The recent votes on the shared fire management and imposing the last, best and final offer will wrap up a year unlike any other in recent Davis history. Over the last 13 months from December 2012 to December 2013, the city of Davis will have taken tremendous steps forward to shore up its fiscal house.
By December 1, 2012, Davis had five of its seven bargaining units taking important concessions on pay, pensions, retiree medical, and cafeteria cash outs – concessions that will prevent future losses in jobs and cuts to services.
However, two groups held out. In November of 2013, the Davis City Council imposed the last, best and final offer on DCEA (Davis City Employees Association). A few weeks later, a unanimous imposition of contract occurred with the professional firefighters’ union, as well.
It has been a tumultuous year with regard to fire. The city manager commissioned former interim fire chief Scott Kenley to conduct an audit and to look into making critical changes including boundary drop, fire staffing cuts, and shared management with UC Davis.
For much of the last 15 years, the firefighters’ union has been problematic for a sustainable city budget. They used their political power from 2002 until 2010 to garner council majorities that preserved 3% at 50 pensions, four on a fire engine, and secured them a 36 percent pay increase in 2004.
But tough economic times meant that the city would have to make cuts, and, unlike other bargaining units, fire has refused to cooperate.
Despite the success in 2013 in getting the city’s fiscal house in order, the city remains vulnerable. Budget projections show that long-postponed improvements in roads and water infrastructure, combined with increased pension costs, will once again push the city deeply into the red within the next five budgets.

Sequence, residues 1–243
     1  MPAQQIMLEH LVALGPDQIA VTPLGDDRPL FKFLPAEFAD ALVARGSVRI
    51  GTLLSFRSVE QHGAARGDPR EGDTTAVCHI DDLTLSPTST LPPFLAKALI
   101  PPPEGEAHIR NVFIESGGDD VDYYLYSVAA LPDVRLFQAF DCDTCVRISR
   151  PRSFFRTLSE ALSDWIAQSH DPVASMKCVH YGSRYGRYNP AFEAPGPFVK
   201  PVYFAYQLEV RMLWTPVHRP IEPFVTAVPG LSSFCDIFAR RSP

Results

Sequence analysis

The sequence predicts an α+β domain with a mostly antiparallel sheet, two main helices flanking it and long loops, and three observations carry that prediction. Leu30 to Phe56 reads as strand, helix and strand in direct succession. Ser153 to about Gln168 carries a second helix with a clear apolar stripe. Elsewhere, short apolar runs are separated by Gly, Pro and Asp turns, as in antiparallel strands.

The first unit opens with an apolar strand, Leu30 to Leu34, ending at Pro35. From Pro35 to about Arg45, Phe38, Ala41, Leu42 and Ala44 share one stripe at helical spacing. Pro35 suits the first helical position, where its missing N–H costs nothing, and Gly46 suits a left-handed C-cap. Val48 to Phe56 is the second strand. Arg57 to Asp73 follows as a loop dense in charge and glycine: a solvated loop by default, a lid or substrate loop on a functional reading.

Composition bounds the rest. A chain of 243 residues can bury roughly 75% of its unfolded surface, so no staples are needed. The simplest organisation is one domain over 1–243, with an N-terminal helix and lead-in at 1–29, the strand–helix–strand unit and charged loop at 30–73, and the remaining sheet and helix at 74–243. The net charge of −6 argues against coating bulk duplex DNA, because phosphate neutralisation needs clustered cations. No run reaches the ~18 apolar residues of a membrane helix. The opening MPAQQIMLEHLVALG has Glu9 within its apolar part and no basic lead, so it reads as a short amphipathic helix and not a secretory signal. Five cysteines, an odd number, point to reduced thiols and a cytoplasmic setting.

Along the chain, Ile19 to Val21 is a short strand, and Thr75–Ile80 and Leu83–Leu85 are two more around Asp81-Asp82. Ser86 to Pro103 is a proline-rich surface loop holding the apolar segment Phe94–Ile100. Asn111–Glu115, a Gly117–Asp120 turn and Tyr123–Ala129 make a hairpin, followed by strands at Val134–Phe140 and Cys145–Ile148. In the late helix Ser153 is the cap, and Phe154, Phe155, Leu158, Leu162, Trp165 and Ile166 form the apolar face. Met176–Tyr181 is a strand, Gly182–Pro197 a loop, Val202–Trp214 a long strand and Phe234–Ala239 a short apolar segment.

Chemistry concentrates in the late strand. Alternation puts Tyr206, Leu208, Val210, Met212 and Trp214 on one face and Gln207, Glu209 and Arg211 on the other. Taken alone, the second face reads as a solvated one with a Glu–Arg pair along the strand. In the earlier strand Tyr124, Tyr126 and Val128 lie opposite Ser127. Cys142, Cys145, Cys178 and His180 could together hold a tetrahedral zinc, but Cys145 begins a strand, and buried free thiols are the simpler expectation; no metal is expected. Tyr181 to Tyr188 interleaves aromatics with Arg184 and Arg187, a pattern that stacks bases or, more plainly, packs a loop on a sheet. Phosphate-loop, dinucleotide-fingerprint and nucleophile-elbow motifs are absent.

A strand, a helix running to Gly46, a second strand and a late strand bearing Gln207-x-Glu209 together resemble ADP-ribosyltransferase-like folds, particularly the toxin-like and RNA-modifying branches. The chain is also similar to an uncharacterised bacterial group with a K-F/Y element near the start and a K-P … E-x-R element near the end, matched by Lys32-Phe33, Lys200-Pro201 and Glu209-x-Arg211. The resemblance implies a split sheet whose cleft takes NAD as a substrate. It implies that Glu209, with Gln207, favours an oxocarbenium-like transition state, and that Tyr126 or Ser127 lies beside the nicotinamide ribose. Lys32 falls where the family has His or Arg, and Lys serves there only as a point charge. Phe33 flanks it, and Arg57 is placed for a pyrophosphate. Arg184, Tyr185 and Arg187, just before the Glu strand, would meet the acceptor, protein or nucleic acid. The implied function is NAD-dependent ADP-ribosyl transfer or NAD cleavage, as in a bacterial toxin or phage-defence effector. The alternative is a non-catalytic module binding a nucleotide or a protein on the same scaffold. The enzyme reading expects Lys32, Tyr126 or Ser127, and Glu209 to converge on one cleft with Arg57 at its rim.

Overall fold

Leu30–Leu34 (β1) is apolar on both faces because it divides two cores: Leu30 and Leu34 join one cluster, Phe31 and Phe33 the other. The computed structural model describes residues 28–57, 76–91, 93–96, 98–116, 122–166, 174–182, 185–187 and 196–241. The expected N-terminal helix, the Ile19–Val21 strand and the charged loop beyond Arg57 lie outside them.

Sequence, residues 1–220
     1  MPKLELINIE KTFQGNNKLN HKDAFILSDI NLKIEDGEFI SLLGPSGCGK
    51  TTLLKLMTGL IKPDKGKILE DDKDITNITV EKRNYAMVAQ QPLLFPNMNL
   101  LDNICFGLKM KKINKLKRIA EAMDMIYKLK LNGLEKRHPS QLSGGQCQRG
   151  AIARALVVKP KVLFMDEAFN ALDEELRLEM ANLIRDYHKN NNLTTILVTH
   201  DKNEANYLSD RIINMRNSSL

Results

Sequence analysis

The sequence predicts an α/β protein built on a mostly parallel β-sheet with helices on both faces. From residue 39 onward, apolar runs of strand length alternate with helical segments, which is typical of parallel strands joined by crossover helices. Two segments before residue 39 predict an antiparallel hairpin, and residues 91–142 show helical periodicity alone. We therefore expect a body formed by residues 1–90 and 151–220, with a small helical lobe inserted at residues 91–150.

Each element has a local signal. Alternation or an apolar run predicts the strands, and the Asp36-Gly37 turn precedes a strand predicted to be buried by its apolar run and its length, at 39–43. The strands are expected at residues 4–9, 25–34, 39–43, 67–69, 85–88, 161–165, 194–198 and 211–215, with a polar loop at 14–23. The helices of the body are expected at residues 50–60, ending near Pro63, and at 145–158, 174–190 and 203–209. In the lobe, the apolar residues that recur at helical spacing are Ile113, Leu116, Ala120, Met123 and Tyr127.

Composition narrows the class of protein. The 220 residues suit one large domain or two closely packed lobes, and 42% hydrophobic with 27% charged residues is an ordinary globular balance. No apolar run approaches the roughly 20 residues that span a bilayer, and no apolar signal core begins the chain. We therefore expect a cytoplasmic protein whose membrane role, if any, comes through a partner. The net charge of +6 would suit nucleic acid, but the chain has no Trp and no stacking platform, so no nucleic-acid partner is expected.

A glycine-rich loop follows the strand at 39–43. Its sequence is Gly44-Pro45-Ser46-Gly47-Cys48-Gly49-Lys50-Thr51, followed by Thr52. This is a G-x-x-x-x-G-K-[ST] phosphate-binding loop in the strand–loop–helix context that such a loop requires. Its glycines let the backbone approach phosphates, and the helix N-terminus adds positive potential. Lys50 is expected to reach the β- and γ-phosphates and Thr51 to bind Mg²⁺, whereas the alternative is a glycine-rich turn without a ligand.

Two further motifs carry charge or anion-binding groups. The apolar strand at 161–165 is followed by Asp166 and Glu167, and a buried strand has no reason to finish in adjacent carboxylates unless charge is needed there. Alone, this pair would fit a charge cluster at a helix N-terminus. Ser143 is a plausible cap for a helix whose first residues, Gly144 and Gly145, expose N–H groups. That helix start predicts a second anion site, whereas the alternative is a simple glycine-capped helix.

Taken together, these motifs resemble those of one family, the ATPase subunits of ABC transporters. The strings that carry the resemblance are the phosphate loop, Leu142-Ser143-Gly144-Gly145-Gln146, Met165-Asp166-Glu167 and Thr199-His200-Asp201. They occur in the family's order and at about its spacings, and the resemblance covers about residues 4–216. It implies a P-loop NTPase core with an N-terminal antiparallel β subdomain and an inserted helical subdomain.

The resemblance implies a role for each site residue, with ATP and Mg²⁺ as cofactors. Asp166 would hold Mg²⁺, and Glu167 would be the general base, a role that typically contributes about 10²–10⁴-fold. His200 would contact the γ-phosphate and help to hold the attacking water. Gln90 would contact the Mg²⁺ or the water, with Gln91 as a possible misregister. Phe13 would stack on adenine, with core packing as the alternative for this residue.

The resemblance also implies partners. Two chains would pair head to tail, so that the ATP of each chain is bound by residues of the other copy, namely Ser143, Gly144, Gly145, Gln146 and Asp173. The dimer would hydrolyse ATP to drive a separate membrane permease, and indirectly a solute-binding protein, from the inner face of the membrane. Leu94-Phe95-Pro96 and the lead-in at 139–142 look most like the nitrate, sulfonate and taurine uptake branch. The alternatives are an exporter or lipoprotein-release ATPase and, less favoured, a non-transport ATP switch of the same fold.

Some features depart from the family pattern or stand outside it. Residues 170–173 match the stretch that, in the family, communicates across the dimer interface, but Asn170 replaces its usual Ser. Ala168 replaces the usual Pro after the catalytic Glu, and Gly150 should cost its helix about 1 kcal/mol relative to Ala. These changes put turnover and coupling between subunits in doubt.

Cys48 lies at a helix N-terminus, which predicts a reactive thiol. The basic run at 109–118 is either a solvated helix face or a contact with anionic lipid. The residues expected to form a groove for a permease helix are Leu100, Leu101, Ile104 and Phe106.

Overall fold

Moreover, the council majority that has pushed through these reforms, often in the face of serious push back from the unions, citizens and other elected officials, is fragile at best.
In June 2011, newly-appointed Councilmember Dan Wolk joined with Mayor Joe Krovoza and then-Mayor Pro Tem Rochelle Swanson to push for $2 million of compensation cuts to be transferred into roads and retiree benefits.
However, Dan Wolk, who is now running for State Assembly, has proven to be an unreliable partner on fiscal reforms. He voted against fire staffing cuts, and then, after supporting the shared management back in October, under pressure from the union and perhaps even his mother, Senator Lois Wolk, Dan Wolk reversed course last week.
If reports are to be believed, Mr. Wolk, along with Councilmember Lucas Frerichs, pushed for the ouster of City Manager Steve Pinkerton, but did not have a third vote to succeed.
The election scenario leaves considerable doubt about the future. Dan Wolk and Joe Krovoza are running for State Assembly. In order to do so, Joe Krovoza, a reliable supporter of reform, will have to leave the council.
Right now Rochelle Swanson, who has also been a reliable supporter of reform, will run for re-election. Robb Davis has announced he will run for council, and he too appears to be a supporter of reform, but another potential opponent, Sheila Allen, who has spent nearly a decade on the school board, is backed heavily by individuals opposing reform.
A one-vote swing could mean the end of reform, a reversal of key planks of reform, and the possible ouster of City Manager Pinkerton, despite his nine-month severance clause which is now in effect.
While the battle has been won, the next battle might be most crucial – the decision by the voters whether to stay the course on reform or whether to go in a new direction.
—David M. Greenwald reporting